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Prevalence of musculoskeletal symptoms among agricultural workers in the United States: an analysis of the National Health Interview Survey, 2004-2008.
Lee S-J; Tak S; Alterman T; Calvert GM
J Agromed 2014 Jul; 19(3):268-280
Ergonomic risks from agricultural tasks can compromise musculoskeletal health of workers. This study estimated prevalence of musculoskeletal symptoms in a sample representing almost 2 million US agricultural industry workers. This study used National Health Interview Survey data from 2004 to 2008. Weighted prevalence was calculated by demographic and employment factors. Prevalence ratios were calculated using generalized linear models with the Poisson distribution assumption. Prevalence rates of low back and neck pain in the previous 3 months were 24.3% and 10.5%, respectively, among agricultural workers. Monthly prevalence of joint pain was 17.0% for hips/knees, 9.8% for shoulders, 9.5% for wrists/hands, 5.4% for elbows, and 4.7% for ankles/toes. Agricultural workers had a significantly higher prevalence of shoulder pain than all other industry workers (prevalence ratios [PR] = 1.28, 95% confidence interval [CI]: 1.02-1.61). This study provides detailed national estimates of musculoskeletal symptom prevalence to understand the burden and the need for intervention among agricultural workers.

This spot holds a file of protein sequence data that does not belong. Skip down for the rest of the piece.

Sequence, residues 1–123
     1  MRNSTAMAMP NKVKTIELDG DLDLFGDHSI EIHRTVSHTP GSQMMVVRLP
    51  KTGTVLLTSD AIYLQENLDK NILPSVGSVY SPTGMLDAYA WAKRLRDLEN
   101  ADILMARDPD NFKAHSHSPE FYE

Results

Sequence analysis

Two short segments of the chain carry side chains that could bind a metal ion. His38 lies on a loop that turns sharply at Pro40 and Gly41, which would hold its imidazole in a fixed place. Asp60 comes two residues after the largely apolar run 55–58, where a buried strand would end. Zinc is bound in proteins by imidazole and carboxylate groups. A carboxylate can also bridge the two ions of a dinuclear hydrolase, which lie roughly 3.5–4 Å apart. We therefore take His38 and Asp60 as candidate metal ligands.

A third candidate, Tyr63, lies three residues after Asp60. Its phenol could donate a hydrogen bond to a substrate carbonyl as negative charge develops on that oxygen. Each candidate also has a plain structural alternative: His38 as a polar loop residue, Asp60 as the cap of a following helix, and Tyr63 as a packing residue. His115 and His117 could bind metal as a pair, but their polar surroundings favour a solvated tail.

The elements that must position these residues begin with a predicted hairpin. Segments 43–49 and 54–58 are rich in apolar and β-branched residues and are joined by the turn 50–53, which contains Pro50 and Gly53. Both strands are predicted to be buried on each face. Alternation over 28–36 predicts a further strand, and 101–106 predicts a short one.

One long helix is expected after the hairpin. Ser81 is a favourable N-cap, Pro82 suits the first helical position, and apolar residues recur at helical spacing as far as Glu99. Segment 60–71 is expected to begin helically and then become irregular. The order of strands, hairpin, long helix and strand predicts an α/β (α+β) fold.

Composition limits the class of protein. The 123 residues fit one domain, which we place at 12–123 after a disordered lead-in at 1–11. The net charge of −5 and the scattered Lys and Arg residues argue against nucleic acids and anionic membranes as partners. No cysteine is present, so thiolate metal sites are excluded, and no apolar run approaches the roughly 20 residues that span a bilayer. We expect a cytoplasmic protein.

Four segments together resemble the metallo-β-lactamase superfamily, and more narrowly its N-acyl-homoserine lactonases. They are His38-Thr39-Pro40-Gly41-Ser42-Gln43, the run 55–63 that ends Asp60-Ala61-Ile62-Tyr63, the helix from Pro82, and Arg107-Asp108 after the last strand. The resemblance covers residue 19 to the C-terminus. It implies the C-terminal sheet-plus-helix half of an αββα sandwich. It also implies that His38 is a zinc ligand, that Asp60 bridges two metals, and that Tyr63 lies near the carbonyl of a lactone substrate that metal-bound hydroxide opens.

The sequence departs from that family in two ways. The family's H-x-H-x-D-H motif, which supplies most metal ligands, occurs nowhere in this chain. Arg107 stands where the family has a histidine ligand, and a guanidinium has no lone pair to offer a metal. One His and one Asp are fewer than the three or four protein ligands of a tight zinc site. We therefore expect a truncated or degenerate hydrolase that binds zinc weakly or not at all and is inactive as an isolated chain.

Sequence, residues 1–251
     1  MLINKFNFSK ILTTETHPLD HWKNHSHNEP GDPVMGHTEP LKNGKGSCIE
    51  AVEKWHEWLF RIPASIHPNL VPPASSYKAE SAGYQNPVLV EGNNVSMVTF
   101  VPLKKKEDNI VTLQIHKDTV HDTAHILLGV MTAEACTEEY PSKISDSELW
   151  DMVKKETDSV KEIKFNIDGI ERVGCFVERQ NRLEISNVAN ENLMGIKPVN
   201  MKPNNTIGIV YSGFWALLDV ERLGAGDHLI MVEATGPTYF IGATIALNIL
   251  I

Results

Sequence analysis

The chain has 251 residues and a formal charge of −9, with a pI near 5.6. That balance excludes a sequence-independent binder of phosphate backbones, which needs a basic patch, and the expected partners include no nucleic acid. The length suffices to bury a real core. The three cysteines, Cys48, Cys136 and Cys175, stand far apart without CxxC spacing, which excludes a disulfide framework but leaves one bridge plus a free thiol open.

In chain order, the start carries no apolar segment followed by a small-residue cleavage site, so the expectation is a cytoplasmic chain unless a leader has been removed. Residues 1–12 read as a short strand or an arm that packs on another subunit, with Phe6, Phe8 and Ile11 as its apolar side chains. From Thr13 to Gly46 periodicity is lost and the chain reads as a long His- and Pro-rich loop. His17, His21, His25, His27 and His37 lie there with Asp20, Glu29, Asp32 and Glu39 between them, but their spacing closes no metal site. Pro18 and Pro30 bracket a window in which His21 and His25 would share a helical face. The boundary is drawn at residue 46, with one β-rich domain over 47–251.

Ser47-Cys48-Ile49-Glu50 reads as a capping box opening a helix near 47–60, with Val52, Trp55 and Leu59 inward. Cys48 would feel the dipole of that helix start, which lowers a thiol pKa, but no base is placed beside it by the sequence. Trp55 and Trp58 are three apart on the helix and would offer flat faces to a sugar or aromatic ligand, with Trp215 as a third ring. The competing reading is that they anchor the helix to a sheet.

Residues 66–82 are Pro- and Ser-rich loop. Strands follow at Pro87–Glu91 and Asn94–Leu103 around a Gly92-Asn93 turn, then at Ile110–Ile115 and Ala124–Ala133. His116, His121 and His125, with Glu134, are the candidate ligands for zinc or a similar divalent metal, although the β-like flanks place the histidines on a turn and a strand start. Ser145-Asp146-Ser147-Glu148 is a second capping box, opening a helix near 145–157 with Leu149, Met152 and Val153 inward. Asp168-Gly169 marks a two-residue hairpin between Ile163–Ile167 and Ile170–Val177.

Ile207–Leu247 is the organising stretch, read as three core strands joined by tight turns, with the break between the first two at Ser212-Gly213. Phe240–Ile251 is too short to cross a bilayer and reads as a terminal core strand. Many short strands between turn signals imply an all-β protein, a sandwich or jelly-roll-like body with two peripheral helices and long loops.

Humans; Men; Women; Exposure-levels; Risk-factors; Agriculture; Agricultural-industry; Workers; Work-environment; Musculoskeletal-system; Musculoskeletal-system-disorders; Demographic-characteristics; Statistical-analysis; Surveillance-programs; Author Keywords: Agriculture; joint pain; low back pain; musculoskeletal symptoms; national survey
Soo-Jeong Lee, RN, ANP, PhD, Department of Community Health Systems, School of Nursing, University of California San Francisco, 2 Koret Way, Suite N505, San Francisco, CA 94143-0608
Issue of Publication
Journal of Agromedicine
Page last reviewed: September 2, 2020
Content source: National Institute for Occupational Safety and Health Education and Information Division